Think about how many queer people are in your life. How many of them go by different pronouns? How many of them go by different names? Are they okay with you sharing their story with others?
I am going to make an example of this:
Someone – we will call them Stacy – has five queer people in their life, two of which go by different pronouns. Out of all the flags, all the pronouns, all the sexualities, all the different types of people in the community, Stacy only needs to know the detailed preferences, comforts, and identities of those five friends (assuming the friends were comfortable with sharing). For everyone else in the queer community? Names and pronouns will suffice.
Focus on the people close to you first and then branch out if you want to know more about the community. It will always be surprising when you learn about a new sexuality or gender you’ve never heard of. That does not mean you need to learn everything at once. That goes for people inside and outside of the community. You do not need to feel pressured to learn everything about the LGBTQ+ community at once.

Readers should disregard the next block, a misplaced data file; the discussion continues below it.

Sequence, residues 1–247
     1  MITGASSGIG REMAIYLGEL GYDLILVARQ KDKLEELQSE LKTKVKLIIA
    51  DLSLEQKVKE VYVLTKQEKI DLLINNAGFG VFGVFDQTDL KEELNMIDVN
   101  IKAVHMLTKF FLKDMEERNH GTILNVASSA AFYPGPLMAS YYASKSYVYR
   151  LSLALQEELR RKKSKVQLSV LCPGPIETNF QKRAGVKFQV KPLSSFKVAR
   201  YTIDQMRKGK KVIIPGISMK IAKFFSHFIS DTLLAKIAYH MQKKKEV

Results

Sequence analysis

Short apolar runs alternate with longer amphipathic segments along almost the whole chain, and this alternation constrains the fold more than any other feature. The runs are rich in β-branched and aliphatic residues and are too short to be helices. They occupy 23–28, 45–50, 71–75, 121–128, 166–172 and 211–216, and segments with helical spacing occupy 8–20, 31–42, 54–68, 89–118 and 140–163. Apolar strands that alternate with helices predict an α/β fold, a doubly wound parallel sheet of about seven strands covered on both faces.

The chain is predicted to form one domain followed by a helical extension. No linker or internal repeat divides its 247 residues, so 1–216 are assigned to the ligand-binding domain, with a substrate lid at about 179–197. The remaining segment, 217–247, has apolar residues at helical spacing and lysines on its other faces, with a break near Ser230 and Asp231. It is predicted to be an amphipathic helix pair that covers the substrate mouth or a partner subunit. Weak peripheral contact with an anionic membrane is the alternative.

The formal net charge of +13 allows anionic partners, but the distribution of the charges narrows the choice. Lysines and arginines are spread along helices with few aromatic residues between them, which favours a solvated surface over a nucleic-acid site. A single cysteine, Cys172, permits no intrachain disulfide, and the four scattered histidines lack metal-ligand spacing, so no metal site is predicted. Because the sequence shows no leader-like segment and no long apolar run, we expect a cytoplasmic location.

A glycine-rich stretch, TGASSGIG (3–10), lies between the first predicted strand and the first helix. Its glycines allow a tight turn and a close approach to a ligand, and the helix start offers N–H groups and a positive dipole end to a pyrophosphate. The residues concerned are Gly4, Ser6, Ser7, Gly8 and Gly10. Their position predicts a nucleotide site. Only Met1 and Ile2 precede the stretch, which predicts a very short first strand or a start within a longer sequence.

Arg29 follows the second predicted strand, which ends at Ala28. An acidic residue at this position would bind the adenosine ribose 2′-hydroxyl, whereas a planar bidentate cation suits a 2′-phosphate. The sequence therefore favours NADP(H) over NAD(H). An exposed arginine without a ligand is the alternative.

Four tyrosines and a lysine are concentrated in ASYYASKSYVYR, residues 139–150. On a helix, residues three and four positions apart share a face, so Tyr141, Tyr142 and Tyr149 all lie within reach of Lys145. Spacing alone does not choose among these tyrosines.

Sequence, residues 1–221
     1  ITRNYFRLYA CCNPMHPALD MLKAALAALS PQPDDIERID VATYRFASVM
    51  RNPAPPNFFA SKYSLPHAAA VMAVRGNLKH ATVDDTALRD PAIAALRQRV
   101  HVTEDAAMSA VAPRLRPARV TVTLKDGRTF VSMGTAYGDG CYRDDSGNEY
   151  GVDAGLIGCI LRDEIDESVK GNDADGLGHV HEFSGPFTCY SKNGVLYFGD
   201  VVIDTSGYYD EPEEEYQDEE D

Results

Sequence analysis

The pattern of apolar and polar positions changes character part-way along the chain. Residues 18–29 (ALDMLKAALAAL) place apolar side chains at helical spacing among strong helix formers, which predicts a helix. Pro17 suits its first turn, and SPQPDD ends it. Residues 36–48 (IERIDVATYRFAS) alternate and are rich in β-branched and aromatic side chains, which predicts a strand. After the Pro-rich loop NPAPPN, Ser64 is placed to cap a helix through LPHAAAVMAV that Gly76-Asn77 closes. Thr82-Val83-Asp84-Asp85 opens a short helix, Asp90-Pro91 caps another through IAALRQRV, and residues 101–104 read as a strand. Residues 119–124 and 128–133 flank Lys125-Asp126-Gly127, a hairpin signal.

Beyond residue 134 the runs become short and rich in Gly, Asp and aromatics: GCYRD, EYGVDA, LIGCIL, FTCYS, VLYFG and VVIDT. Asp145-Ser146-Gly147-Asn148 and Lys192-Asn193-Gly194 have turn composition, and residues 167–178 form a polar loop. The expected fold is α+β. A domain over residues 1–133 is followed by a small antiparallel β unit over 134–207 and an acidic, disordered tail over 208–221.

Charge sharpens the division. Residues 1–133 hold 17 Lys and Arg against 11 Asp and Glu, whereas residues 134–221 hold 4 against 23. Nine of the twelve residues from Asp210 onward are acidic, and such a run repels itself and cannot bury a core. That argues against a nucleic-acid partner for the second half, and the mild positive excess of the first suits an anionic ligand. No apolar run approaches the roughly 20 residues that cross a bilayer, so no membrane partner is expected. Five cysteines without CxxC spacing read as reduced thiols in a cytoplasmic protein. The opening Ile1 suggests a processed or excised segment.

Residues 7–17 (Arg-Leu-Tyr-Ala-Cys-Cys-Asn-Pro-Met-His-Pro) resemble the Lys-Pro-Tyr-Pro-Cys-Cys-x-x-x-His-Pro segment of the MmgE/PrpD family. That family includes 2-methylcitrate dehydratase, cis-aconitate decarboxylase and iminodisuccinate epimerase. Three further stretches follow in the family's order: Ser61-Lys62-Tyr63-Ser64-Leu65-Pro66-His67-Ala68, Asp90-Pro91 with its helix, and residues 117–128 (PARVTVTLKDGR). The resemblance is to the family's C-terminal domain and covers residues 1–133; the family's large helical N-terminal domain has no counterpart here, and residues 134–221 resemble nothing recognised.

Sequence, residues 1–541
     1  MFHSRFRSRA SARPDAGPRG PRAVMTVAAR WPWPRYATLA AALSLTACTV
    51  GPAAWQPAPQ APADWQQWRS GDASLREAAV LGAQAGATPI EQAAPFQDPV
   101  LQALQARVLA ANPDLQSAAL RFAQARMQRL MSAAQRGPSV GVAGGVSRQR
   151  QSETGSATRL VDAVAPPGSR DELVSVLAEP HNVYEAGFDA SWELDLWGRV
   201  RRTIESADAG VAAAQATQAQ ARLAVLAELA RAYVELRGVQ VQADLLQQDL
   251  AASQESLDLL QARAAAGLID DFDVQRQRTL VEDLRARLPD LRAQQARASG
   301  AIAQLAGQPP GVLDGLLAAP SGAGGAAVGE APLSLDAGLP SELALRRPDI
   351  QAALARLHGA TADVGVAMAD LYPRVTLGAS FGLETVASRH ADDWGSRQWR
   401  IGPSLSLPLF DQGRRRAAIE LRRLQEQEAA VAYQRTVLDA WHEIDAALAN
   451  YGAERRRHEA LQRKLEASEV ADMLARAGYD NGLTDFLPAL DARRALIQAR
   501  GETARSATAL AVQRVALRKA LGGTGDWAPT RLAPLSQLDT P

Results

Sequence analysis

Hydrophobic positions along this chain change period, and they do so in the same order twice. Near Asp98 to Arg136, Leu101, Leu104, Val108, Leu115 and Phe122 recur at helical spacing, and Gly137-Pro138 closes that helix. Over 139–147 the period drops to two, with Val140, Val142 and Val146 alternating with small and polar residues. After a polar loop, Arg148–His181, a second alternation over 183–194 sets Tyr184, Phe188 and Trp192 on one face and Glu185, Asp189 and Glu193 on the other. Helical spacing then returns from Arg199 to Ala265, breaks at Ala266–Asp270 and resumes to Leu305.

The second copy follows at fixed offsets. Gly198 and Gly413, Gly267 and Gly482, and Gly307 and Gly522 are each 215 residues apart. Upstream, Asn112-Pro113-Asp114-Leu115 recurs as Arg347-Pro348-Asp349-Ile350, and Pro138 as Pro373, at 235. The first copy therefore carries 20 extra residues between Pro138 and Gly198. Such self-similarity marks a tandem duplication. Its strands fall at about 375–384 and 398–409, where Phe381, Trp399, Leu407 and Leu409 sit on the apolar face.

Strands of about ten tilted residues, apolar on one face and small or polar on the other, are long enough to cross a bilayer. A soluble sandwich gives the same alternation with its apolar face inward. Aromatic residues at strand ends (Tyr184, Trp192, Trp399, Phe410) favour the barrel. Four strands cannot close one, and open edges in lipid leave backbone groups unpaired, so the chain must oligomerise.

If you are ever confused about stuff, you should ask! That person who looks like they could be a man or woman? Maybe they’re neither; ask them their pronouns!
Perhaps you are questioning your sexuality but don’t know where you fit in the community? Ask your queer friend! Ask the LGBTQ+ center near you!
You are not queer and want to know more about the community? Refer to tip number 3! But also ask the internet. Everybody in the queer community, no matter how much they know, started knowing nothing. Everyone starts there, there’s no shame in it.
People will always make mistakes and educating oneself is no different. Mistakes are a necessary part in learning how to best support different communities and all the different people within those communities. As long as you’re making a genuine effort, you deserve to have a little pride in yourself for growing.